Camille (1936)

Camille (1936)

“Never be jealous again! Never doubt that I love you more than the world — more than myself.”

In 19th century Paris, a sickly courtesan (Greta Garbo) whose bills are paid by a wealthy baron (Henry Daniell) falls in love with a young admirer (Robert Taylor) whose father (Lionel Barrymore) fears for his reputation.

Genres, Themes, Actors, and Directors:

  • Cross-Class Romance
  • Feminism and Women’s Issues
  • George Cukor Films
  • Greta Garbo Films
  • Henry Daniell Films
  • Historical Drama
  • Lionel Barrymore Films
  • Morality Police
  • Robert Taylor Films
  • Star-Crossed Lovers

Greta Garbo inhabited one of her most iconic roles as the title character in this adaptation (by George Cukor) of Alexandre Dumas fils’ novel about the moral policing of love in a class-driven landscape of sexual politics. Garbo is continually reminded by her bawdy advisor (Laura Hope Crews):

… that earning her keep through charm and allure while living in high fashion must be her aim — but when Taylor falls head over heels in love with the consumption-ridden Garbo and the couple experience an idyllic summer together in the countryside, Garbo knows her goals for life (albeit the limited amount she has left) have shifted irrevocably. Only her complete devotion to Taylor can convince her to give him up — supposedly for his own good, though that proves to be utterly wrong-headed on every count. Cukor nicely directs numerous scenes of the couple reveling in each other’s company:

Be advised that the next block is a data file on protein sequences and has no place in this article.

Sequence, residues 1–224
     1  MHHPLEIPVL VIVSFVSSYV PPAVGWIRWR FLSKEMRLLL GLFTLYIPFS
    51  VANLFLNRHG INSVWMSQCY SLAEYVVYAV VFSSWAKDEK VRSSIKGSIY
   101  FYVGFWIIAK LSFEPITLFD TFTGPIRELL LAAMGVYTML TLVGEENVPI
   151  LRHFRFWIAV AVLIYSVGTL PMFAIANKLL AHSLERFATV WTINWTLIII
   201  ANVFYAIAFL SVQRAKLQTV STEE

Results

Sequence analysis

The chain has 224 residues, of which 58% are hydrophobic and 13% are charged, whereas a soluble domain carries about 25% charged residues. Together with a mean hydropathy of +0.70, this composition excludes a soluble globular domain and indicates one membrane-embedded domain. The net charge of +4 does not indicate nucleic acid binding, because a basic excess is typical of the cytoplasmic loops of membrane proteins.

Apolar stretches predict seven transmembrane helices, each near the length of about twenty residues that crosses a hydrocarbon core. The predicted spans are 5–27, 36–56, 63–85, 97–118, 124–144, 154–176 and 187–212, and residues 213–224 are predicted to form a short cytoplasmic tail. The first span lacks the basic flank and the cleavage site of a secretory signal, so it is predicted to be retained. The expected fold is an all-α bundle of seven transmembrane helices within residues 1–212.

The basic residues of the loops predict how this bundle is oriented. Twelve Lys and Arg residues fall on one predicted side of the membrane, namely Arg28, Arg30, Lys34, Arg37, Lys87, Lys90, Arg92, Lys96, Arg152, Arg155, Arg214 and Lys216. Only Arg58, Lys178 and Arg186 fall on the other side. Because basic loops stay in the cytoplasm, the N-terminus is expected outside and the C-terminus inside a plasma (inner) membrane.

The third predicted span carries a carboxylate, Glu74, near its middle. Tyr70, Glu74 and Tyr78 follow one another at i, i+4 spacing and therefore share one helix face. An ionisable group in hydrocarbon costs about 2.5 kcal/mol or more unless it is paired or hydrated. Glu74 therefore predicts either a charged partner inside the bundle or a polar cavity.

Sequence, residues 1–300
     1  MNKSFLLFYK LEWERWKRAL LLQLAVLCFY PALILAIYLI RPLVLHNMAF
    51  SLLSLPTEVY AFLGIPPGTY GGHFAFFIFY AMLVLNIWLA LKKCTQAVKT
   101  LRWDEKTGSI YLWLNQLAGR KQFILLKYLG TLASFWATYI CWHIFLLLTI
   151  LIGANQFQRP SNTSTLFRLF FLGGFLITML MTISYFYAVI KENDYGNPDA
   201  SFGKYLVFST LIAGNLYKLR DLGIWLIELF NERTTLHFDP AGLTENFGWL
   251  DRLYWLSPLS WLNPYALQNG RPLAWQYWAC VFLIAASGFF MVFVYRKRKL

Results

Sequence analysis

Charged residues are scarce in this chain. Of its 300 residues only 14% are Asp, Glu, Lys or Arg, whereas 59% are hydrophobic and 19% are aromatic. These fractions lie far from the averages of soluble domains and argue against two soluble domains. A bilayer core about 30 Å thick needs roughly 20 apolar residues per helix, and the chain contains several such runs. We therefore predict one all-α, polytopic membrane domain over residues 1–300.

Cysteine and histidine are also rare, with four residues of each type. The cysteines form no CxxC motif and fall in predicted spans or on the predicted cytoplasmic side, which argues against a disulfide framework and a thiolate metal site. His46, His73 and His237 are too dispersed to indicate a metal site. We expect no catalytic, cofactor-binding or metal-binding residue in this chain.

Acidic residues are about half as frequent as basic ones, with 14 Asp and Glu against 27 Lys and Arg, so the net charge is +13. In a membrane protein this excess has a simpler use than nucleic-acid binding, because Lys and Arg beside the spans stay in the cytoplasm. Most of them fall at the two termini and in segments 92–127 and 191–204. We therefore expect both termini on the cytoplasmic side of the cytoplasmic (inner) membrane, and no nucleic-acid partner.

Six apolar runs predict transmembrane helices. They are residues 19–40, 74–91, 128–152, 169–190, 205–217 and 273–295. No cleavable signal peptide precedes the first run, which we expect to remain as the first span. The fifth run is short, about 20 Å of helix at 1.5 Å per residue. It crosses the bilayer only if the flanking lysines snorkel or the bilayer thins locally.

It’s easy to believe in their mutual infatuation, and (of course) challenging to watch Camille sacrificing her future on behalf of propriety — though viewers should rest assured that this adaptation allows the lovers a sweet form of reconciliation.

Note: Watch for an unexpectedly powerful and startling moment, as Daniell responds to Garbo’s request for $40,000 to cover her expenses.

Redeeming Qualities and Moments:

  • Greta Garbo as Camille
  • Lush cinematography

Must See?
Yes, for Garbo’s Oscar-nominated performance. Listed as a film with Historical Importance and a Personal Recommendation in the back of Peary’s book.


  • Noteworthy Performance(s)
  • Oscar Winner or Nominee

(Listed in 1001 Movies You Must See Before You Die)


One thought on “Camille (1936)

  1. In all fairness, I’ll agree that this is a must for Garbo fans. But, personally, as much as I like Garbo, I’m not a fan of this film. Even this rewatch now was a little tough for me. At the risk of seeming a non-romantic (which I’m not), I find the whole story a bit too much melodrama – and the film over-earnestly so.

    When I lived in New York, I saw a stage version (a revival) off-Broadway, performed by Charles Ludlam’s Ridiculous Theatrical Company- with Ludlam starring as Camille. Although he was in drag, of course, it wasn’t really a drag performance. Ludlam was a highly skilled comedian and the script (an adaptation by him) played more like – well, a ridiculous parody. It was one of the funniest things I’ve ever seen on a stage – and the way I’ve always preferred the tale of Marguerite Gautier.

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